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Misdiagnosis of cerebral malaria initially as acute psychotic disorder and later as human rabies: a case report

Overview of attention for article published in BMC Research Notes, August 2016
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  • In the top 25% of all research outputs scored by Altmetric
  • High Attention Score compared to outputs of the same age (89th percentile)

Mentioned by

1 news outlet
1 tweeter
1 Facebook page
1 Wikipedia page


4 Dimensions

Readers on

24 Mendeley
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Misdiagnosis of cerebral malaria initially as acute psychotic disorder and later as human rabies: a case report
Published in
BMC Research Notes, August 2016
DOI 10.1186/s13104-016-2211-3
Pubmed ID

Meththananda Herath Herath Mudiyanselage, Nayani Prasangika Weerasinghe, Kithsiri Pathirana, Hasini Dias


Cerebral malaria is arguably one of the most common non-traumatic encephalopathies in the developing world. Unless the diagnosis of cerebral malaria is made promptly, the consequence could be disastrous. Even though the diagnosis of cerebral malaria can be made relatively easily in majority of cases atypical presentation can often lead to misdiagnosis or delayed diagnosis. We report a case of an uncommon presentation of Plasmodium falciparum infection in a 17-year-old school girl with altered sensorium, seizures and phobic spasms. A previously healthy 17-year-old school girl was admitted to our hospital with acute condition characterised by comatose state, recurrent seizures and phobic spasms. She initially presented to a local hospital with agitation and over talkativeness and was diagnosed as having an acute psychotic state. Few days later she became drowsy and developed recurrent seizures and marked phobic spasms which prompted the treating physician to diagnose human rabies. However, further investigations carried out in our unit (including rapid antigenic test for P. falciparum and peripheral blood smear) were positive for P. falciparum. She was treated as for cerebral malaria with intravenous quinine and discharge from hospital with no residual neurological deficit. Atypical presentation of cerebral malaria can often lead to misdiagnosis. This patient presented with encephalopathic illness with phobic spasms was initially misdiagnosed as human rabies. Therefore, the physicians in malarial endemic areas should be vigilant of similar presentations and should consider cerebral malaria as a possibility.

Twitter Demographics

The data shown below were collected from the profile of 1 tweeter who shared this research output. Click here to find out more about how the information was compiled.

Mendeley readers

The data shown below were compiled from readership statistics for 24 Mendeley readers of this research output. Click here to see the associated Mendeley record.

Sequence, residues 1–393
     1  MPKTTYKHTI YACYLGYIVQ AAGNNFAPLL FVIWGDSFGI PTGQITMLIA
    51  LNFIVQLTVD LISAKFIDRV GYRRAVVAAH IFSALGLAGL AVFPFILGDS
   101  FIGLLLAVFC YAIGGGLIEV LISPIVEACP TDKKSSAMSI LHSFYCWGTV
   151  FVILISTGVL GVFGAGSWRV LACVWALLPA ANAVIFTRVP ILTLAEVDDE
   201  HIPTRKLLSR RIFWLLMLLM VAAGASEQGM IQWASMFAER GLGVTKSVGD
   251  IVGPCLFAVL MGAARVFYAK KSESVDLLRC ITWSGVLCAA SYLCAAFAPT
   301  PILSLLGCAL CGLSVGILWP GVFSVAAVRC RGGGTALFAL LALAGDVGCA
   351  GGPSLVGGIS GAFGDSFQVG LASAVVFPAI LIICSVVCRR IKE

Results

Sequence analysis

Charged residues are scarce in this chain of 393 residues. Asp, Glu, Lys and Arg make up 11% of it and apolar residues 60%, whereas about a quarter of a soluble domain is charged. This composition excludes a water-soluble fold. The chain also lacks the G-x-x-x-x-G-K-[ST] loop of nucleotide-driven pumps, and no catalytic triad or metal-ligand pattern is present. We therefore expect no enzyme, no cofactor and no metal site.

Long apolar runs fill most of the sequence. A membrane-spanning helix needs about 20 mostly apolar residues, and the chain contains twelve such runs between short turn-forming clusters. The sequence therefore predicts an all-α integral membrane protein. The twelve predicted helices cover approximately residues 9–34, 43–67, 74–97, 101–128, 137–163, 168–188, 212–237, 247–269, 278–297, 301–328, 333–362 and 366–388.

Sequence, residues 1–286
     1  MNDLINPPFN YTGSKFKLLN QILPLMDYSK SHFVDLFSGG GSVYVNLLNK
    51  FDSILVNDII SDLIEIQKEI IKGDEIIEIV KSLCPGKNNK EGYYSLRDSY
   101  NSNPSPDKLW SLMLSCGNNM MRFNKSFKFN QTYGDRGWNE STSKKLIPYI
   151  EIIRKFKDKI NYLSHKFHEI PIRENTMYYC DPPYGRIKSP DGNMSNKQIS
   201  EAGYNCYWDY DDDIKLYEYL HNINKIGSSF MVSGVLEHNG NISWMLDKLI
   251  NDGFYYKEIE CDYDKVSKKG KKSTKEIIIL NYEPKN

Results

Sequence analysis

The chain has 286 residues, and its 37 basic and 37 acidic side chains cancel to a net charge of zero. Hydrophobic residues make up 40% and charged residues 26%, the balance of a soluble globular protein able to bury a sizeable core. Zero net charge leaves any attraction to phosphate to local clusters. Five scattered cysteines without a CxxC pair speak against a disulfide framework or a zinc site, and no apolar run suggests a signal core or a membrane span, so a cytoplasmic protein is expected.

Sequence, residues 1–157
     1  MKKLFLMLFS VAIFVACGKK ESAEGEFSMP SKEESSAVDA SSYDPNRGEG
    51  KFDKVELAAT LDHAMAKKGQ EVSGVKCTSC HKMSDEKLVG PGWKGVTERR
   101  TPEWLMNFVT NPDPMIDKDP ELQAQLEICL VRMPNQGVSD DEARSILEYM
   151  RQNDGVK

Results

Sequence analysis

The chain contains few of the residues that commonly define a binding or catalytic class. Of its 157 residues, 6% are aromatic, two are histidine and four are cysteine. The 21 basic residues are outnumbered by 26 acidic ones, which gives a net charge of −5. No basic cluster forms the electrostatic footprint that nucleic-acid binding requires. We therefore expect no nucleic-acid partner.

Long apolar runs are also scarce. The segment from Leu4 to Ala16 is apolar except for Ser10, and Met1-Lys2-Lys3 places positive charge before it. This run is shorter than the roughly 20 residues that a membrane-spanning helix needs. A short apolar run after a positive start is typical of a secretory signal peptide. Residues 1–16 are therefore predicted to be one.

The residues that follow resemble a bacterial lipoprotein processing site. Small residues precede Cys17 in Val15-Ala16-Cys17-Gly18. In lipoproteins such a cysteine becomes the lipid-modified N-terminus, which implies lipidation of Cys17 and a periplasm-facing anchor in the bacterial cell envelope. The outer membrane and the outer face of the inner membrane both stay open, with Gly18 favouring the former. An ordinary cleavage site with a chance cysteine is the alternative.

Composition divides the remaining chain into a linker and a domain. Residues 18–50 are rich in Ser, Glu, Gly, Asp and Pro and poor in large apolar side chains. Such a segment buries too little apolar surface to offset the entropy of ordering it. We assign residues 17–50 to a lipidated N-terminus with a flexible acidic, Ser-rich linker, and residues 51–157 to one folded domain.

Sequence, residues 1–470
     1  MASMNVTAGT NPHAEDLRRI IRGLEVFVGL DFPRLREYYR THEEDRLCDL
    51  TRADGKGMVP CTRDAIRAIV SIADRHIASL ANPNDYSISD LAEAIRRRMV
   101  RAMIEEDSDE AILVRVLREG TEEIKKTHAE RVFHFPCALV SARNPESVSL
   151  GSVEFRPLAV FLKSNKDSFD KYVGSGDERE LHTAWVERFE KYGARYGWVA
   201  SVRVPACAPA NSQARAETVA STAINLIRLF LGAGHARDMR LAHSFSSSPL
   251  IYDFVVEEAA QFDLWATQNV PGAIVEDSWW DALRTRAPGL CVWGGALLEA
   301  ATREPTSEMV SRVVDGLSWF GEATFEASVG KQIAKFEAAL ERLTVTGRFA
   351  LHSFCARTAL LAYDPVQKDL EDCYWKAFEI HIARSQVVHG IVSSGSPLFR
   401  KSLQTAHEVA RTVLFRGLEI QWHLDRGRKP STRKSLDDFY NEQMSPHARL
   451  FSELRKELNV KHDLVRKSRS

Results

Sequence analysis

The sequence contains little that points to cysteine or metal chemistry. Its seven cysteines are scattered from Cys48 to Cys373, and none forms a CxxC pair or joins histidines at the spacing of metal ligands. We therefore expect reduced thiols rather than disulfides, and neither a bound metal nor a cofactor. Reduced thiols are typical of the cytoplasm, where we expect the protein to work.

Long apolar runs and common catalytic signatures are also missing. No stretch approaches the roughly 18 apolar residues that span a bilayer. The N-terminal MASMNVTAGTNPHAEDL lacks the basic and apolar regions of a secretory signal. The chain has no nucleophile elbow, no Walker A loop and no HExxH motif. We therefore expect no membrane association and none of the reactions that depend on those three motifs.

Geographical breakdown

Country Count As %
Unknown 24 100%

Demographic breakdown

Readers by professional status Count As %
Student > Master 7 29%
Student > Bachelor 6 25%
Researcher 3 13%
Librarian 1 4%
Student > Ph. D. Student 1 4%
Other 1 4%
Unknown 5 21%
Readers by discipline Count As %
Medicine and Dentistry 7 29%
Immunology and Microbiology 3 13%
Biochemistry, Genetics and Molecular Biology 2 8%
Agricultural and Biological Sciences 2 8%
Veterinary Science and Veterinary Medicine 1 4%
Other 3 13%
Unknown 6 25%

Attention Score in Context

This research output has an Altmetric Attention Score of 17. This is our high-level measure of the quality and quantity of online attention that it has received. This Attention Score, as well as the ranking and number of research outputs shown below, was calculated when the research output was last mentioned on 03 March 2020.
All research outputs
of 20,867,471 outputs
Outputs from BMC Research Notes
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Outputs of similar age
of 284,877 outputs
Outputs of similar age from BMC Research Notes
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Altmetric has tracked 20,867,471 research outputs across all sources so far. Compared to these this one has done particularly well and is in the 92nd percentile: it's in the top 10% of all research outputs ever tracked by Altmetric.
So far Altmetric has tracked 4,068 research outputs from this source. They typically receive a little more attention than average, with a mean Attention Score of 5.3. This one has done particularly well, scoring higher than 95% of its peers.
Older research outputs will score higher simply because they've had more time to accumulate mentions. To account for age we can compare this Altmetric Attention Score to the 284,877 tracked outputs that were published within six weeks on either side of this one in any source. This one has done well, scoring higher than 89% of its contemporaries.
We're also able to compare this research output to 1 others from the same source and published within six weeks on either side of this one. This one has scored higher than all of them